active by increasing the amount of oxygen and blood flow to the muscles,
heart and brain. This helps to also improve stamina, cardiovascular
endurance as well as enable faster recovery.
There are a number of studies regarding beet juice intake and athletic
performance. One of them was done by Dr. Andrew Jones, head of Sport
and Health Science at the University of Exeter in England, who
successfully demonstrated significant improvement in high-intensity
training with a group of sports rowing crew athletes. (study)
Another study conducted showed positive response to using varying amounts of beetroot juice within an exercise regime. It was concluded that, "These findings have important implications for the use of BR to enhance cardiovascular health and exercise performance in young adults."
Beets are especially rich in a micronutrient called betaine or trimethylglycine (TMG). Betaines are helpful for the elimination of toxins and the reduction of the amino acid homocysteine, linked to improved heart health. Betaine has been documented by the University of Maryland to help in the decrease of high homocysteine levels. High amounts of homocysteine can damage red blood vessels, causing strokes, blood clots atherosclerosis and heart disease.
Betaine functions very closely with the group of "methyl donors" choline, vitamin B12, folic acid and the amino acid methionine.
A methyl donor is simply any substance that can transfer a methyl group, a carbon atom attached to 3 hydrogen atoms, to another substance. "Many important biochemical processes rely on methylation, including the metabolism of lipids and DNA. Scientists suspect that adequate methylation of DNA can prevent the expression of harmful genes, such as cancer genes. It’s quite likely that our body’s ability to methylate declines with age, contributing to the aging process, and therefore supplementation could well be beneficial." Ray Sahelian, M.D
According to the National Cancer Institute, methyl donors have been linked to decreased risk of breast, colon and pancreatic cancer. Studies published by the American Journal of Epidemiology and the American Journal of Nutrition suggest a diet rich in these micronutrients may help you avoid cancer plus many other health problems.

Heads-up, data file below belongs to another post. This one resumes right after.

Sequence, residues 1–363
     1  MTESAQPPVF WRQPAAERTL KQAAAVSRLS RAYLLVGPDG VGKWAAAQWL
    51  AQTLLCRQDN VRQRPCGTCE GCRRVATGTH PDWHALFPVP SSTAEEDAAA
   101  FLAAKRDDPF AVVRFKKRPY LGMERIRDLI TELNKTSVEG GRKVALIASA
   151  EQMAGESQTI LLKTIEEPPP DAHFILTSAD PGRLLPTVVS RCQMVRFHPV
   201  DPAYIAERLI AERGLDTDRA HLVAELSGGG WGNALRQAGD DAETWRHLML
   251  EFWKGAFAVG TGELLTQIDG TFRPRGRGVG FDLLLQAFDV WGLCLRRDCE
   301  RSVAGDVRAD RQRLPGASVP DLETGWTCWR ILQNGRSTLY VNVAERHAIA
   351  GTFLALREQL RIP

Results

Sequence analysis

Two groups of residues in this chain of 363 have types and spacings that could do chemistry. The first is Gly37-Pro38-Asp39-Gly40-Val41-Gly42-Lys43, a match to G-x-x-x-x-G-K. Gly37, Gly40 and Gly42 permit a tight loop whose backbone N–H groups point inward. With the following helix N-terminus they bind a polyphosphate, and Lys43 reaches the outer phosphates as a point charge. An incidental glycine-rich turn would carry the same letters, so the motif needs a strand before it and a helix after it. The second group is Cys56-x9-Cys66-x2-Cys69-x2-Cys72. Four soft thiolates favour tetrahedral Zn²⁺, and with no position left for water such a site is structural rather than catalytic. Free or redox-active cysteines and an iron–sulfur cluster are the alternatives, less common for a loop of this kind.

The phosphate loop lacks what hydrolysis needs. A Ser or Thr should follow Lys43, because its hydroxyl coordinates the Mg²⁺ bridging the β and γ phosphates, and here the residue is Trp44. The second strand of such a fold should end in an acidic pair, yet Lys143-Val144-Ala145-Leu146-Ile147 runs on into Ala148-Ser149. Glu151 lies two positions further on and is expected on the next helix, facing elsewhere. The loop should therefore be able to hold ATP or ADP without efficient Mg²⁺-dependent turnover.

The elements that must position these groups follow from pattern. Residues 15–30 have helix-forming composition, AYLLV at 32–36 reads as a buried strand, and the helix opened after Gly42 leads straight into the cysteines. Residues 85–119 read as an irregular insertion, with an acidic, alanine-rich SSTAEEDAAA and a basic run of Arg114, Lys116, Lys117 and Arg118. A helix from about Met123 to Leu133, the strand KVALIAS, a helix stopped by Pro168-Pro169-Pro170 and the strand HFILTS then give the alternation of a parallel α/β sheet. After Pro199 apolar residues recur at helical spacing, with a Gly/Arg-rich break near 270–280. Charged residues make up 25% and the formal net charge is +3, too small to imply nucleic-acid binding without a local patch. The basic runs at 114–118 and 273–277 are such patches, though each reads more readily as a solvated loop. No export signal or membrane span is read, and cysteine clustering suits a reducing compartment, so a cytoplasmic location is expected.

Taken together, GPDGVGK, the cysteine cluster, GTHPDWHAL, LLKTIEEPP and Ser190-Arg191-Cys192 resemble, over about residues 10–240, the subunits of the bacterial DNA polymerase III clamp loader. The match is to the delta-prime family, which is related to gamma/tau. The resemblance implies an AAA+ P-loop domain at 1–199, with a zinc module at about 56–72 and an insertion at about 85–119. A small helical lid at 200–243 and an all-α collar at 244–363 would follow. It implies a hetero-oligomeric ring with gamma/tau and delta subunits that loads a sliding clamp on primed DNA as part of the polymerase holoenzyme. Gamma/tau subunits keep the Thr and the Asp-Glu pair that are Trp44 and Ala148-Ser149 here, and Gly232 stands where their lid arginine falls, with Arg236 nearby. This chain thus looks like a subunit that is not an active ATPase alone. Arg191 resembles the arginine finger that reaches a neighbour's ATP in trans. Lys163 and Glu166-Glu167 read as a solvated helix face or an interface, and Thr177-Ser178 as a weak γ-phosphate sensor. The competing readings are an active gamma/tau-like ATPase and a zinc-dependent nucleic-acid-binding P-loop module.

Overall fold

The pigment betacyanin, a type of betalain, is one of the well known benefits of beet juice and is what helps give beets their deep red color. It is actually this antioxidant that acts as a primary cancer fighting agent shown to be particularly successful at preventing colon cancers.
Likewise, beetroot juice naturally increases the quantity of CD8 cells present in the colon. These cells are known to protect against and destroy cancerous growths.
Dr. Mikhail Tomback, a Russian longevity scholar, concluded that the benefits of beet juice do indeed seem to prevent diseases of the digestive system and large intestine specifically. He also found in his studies that beets helped to break up calcified stones in the bladder and kidneys.
It was discovered in the 1950's, by a Hungarian doctor named Dr. Ferenczi, that a quart of juice a day as therapy for his cancer patients, efficiently eradicated cancerous tumors much the same way they dissolved kidney stones.
One of the major benefits of beet juice is that it contains the mentioned group of powerful antioxidant pigments called betalains. These are components that help to boost the immune system, but also act as anti-inflammatory's, antifungal's and detoxification aids.
The betalains in raw beet juice are one of the best blood purifiers; cleaning the bloodstream and helping the liver do its job more effectively. We recommend juicing beets during a yearly or bi-yearly juice cleanse or juice fast to help detoxify and rebuild healthy blood cells.